The world is changing and Bolivia lost a lake to climate change. The second largest water lake in Bolivia, Lake Poopo, dried up completely and it has greatly affected the Bolivian local population and the surrounding ecosystem.
Alongside the lake, thousands of livelihoods evaporated too. There were a lot of people that depended on that lake in order to survive. And there were fish and other animals that lived in it that are now gone forever because of the lake’s total evaporation.
The main culprit for this is climate change. Because of the ongoing changes that occur in the environment, the El Niño phenomenon was more aggressive than ever before. This is mostly caused by the greenhouse gas effect that raises the temperatures and causes an accelerated glacier melt.
It’s a butterfly effect. Fossil fuels are burned all around the world which leads to an accumulation of carbon dioxide way higher than average levels. The carbon dioxide then attracts heat and produces a rise in the average temperature level. The increased warmth causes the polar ice caps to break and melt in a rhythm far more accelerated than in the last millions of years since the planet escaped the Ice Age and temperatures started to rise. The melting glaciers bring a bigger flow of cold water and the currents produced when the two waters combine give birth to the El Niño.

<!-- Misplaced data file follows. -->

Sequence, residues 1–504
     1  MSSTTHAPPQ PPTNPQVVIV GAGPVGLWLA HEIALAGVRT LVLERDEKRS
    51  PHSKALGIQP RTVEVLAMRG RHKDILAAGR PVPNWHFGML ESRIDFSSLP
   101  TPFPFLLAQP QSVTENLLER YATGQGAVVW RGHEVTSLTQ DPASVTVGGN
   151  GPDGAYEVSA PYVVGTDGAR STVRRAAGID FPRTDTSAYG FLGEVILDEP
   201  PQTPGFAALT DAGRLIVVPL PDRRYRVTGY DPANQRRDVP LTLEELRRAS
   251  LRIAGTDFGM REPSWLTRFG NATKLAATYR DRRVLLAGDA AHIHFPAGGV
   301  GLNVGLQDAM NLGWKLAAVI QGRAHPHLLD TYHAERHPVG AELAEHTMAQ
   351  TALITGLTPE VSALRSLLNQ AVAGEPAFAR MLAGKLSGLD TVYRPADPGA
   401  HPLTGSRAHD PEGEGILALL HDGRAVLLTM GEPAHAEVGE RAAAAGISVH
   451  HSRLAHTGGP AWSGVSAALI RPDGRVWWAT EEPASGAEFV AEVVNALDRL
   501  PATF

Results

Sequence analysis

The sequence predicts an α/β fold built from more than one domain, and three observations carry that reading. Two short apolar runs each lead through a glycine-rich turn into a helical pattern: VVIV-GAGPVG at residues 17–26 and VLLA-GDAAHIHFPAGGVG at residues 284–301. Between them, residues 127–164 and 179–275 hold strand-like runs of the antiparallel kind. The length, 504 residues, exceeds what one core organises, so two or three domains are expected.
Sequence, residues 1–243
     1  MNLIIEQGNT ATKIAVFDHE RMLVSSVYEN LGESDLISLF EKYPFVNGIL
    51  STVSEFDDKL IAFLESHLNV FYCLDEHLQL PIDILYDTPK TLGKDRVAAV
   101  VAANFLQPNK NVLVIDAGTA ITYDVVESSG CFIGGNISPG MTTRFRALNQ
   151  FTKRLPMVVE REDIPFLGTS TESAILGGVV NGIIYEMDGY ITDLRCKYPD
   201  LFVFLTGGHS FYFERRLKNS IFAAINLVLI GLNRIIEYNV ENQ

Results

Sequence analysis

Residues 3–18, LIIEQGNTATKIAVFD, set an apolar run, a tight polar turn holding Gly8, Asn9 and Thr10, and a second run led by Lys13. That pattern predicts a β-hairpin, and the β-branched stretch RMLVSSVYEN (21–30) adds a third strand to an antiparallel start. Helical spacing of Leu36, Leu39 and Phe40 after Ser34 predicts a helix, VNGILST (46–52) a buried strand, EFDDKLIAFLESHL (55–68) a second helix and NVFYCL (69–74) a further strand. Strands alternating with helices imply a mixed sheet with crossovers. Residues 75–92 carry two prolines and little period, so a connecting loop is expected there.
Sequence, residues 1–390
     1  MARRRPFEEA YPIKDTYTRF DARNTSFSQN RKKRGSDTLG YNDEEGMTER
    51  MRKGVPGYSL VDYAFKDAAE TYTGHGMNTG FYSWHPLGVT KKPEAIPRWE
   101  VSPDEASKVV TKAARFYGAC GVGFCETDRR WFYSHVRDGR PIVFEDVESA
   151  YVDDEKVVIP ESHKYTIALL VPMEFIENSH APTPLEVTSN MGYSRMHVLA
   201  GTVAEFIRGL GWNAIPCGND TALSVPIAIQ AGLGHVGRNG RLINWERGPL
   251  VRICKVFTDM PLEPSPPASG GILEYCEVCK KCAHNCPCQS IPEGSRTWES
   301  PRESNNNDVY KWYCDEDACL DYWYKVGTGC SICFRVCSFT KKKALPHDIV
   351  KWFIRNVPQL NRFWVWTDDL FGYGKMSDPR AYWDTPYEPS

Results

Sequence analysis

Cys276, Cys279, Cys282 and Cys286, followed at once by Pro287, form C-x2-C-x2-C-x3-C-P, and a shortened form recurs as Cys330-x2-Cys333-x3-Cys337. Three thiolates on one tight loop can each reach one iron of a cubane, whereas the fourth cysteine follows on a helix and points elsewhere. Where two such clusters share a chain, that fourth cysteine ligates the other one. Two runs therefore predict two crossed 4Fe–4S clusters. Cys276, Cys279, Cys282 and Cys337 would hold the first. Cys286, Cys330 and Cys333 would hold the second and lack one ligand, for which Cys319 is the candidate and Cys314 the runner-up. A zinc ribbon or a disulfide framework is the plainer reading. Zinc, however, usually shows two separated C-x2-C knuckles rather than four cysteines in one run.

Because it is set at an altitude above sea level of 12,000 feet, the lake that was found on the Andean plains was always susceptible to changes in the climate. There have been instances in which the lake dried up and then managed somehow to fill itself up again. But scientists say this is no longer a possibility and the evaporation is irreversible.
Because the water that remained in the lake represents the last 2 percent out of the total level it once had, over 75 percent of the species that lived in it disappeared. Because Bolivia lost a lake to climate change, the government had to offer humanitarian aid to 3250 people that depended on it in order to survive.
Climate change may be the main culprit, but it’s not the only one. Another reason for the lake drainage is excessive mining. According to some of the villagers the companies that mined the area had diverted water from the lake on a regular basis since 1982.
Bolivia lost a lake to climate change and a few thousands of people that were obligated by the circumstances to immigrate to neighboring countries.
Image source: www.nasa.gov